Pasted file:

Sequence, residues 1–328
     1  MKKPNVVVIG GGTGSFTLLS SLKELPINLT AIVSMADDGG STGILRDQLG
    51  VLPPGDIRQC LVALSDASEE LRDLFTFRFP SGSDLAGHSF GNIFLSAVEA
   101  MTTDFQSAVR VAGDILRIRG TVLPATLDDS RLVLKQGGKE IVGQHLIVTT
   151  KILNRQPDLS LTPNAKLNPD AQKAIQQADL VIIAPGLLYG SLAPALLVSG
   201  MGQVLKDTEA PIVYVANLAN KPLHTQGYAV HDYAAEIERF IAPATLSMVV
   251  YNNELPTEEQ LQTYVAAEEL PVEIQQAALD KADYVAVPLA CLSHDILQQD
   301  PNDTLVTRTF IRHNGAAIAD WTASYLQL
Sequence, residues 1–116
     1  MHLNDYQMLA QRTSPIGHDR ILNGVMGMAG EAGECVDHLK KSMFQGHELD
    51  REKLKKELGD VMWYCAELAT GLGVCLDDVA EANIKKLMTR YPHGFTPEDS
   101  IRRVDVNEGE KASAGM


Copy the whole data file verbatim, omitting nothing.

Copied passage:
Sequence, residues 1–328
     1  MKKPNVVVIG GGTGSFTLLS SLKELPINLT AIVSMADDGG STGILRDQLG
    51  VLPPGDIRQC LVALSDASEE LRDLFTFRFP SGSDLAGHSF GNIFLSAVEA
   101  MTTDFQSAVR VAGDILRIRG TVLPATLDDS RLVLKQGGKE IVGQHLIVTT
   151  KILNRQPDLS LTPNAKLNPD AQKAIQQADL VIIAPGLLYG SLAPALLVSG
   201  MGQVLKDTEA PIVYVANLAN KPLHTQGYAV HDYAAEIERF IAPATLSMVV
   251  YNNELPTEEQ LQTYVAAEEL PVEIQQAALD KADYVAVPLA CLSHDILQQD
   301  PNDTLVTRTF IRHNGAAIAD WTASYLQL
Sequence, residues 1–116
     1  MHLNDYQMLA QRTSPIGHDR ILNGVMGMAG EAGECVDHLK KSMFQGHELD
    51  REKLKKELGD VMWYCAELAT GLGVCLDDVA EANIKKLMTR YPHGFTPEDS
   101  IRRVDVNEGE KASAGM